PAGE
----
UNIT V STUDY GUIDE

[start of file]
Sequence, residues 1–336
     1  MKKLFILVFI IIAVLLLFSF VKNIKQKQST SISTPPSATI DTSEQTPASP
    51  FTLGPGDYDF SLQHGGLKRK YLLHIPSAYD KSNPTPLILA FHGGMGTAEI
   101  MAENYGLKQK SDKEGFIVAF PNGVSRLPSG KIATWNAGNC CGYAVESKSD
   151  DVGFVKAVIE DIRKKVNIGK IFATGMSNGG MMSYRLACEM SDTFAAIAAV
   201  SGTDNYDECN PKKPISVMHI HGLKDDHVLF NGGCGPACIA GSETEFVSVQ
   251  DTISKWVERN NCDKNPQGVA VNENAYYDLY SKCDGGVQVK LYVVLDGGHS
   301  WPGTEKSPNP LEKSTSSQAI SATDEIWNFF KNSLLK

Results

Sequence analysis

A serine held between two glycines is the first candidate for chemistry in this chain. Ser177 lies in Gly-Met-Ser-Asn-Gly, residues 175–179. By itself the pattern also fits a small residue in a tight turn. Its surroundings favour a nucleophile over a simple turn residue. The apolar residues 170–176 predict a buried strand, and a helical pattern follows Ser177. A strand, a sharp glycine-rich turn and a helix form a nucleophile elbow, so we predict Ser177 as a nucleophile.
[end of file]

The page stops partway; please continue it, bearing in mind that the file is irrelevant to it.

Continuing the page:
Gender and Work-Life Balance